Canadian Rockies Hydrological Observatory - Saskatchewan River Basin

The Canadian Rockies Hydrological Observatory is a major project by the Centre for Hydrology and partner organizations to improve understanding and prediction of hydrometeorological and cryospheric phenomena in the Canadian Rocky Mountains. It aims to:

  • Advance development and integration of information on how hydrological and cryospheric processes interact to form streamflow
  • Develop and run hydrological models to produce water resource predictions for past and future climates.

Principal Research Questions

  1. How do mountain basin biophysical characteristics affect snow and ice systems to produce hydrological responses to precipitation and energy inputs on time scales from hours to centuries?
  2. Do cold regions mountain hydrological systems enhance or dampen the effects of climate variability on water resources?
  3. Are the Canadian Rocky Mountains a reliable future source of streamflow?


Primary Research Team


  • Greg Galloway
  • Robin Heavens


  • Parks Canada, Banff
  • Alberta Parks, Kananaskis
  • Alberta Environment and Sustainable Resource Development, Edmonton
  • Mike Demuth, National Glaciological Program, NRCAN
  • Dr Alain Pietroniro, Water and Climate Services, Environment Canada
  • Dr Melissa Lafrenier, Queen’s University
  • Dr Scott Munro, University of Toronto
  • Alpine Club of Canada

Key Initiatives

  • Installation of 10 new high altitude hydrometeorological stations, and 5 new high-altitude stream gauge stations in nested basins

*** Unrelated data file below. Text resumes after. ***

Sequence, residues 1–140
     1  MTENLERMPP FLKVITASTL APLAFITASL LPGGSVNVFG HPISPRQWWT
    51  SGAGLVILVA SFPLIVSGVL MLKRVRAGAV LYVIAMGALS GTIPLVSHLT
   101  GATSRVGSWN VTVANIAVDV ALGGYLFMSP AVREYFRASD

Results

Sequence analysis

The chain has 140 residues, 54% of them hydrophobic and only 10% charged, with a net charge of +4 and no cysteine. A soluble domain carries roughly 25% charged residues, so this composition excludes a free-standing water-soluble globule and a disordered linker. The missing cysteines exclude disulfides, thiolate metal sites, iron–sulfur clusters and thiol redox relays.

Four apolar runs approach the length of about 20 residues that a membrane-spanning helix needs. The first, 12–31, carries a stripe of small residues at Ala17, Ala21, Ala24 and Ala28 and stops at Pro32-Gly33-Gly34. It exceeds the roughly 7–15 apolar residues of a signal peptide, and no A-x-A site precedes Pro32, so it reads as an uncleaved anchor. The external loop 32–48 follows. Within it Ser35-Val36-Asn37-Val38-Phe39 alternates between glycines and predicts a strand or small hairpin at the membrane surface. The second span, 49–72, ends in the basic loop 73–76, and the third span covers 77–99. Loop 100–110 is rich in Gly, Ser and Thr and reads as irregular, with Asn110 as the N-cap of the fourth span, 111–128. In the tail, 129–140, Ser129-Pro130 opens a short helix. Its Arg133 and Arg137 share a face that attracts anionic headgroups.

• Deployment of Cryoflyux portable detailed measurement system
  • WISKI/CRHM: data management, information assimilation and water modelling system
  • Studies of snow and glacier hydrology, boundary layers, treeline ecohydrology, climate modelling, snow physics
  • Operation of 35 stations in Kananskis Country: 22 meteorological, 5 groundwater, 8 hydrometric
  • Operation of 15 stations in Banff National Park: 8 meteorological, 7 hydrometric

Principal Objectives

  1. Improve understanding and description of governing processes for mountain water supply
    • Snow and glacier cold regions processes
    • Ecohydrological processes
    • Sub-surface processes
  2. Improve modelling of mountain hydrological systems
    • Small scale distributed physically based simulations
    • Moderate scale headwater catchment models
    • Large scale river basin and continental models
  3. Use better observations and modelling to improve predictions of mountain water supply
    • Downscale current meteorology and future climate to drive cold regions hydrology in the light of concurrent ecohydrological dynamics
    • Predict hydrological cycling and quantify uncertainty in these calculations in ungauged mountain basins
    • Improve the coupling of the sub-surface flow system to the surface / atmosphere system


  • Climate change impact
    (Pomeroy, Fang, Rasouli, Sandford, Whitfield)
  • Forest change impact
    (Pomeroy, Harder, Fang; Musselman)
  • Historical hydroclimatology
    (Pomeroy, Harder, Siemens, Whitfield, Shook)
  • Improved multiscale modelling
    (Pomeroy, Wheater, Ireson, Helgason, Brown, Musselman, Conway, Marsh, Lv, Rasouli)
  • Glacier hydrology
    (Pomeroy, Demuth, Pradhananga, Conway, Musselman, Anderson)
  • Turbulent transfer to snow
    (Helgason, Conway, MacDonald)
  • Ecohydrology of forest edges
    (Pomeroy, Musselman)
  • Chinooks
    (Pomeroy, Essery, MacDonald)
  • Snow measurements
    (Pomeroy, Kinar, Guan, Duncan)
  • Wetland dynamics
    (Westbrook, graduate student)
  • Groundwater-surface interactions
    (Ireson, Janzen)
  • Coupled modelling: surface, sub-surface, atmosphere


Near real-time data by telemetry from CRHO stations are now available. Please click a link below to view the data from that station.

Wolf Creek Stations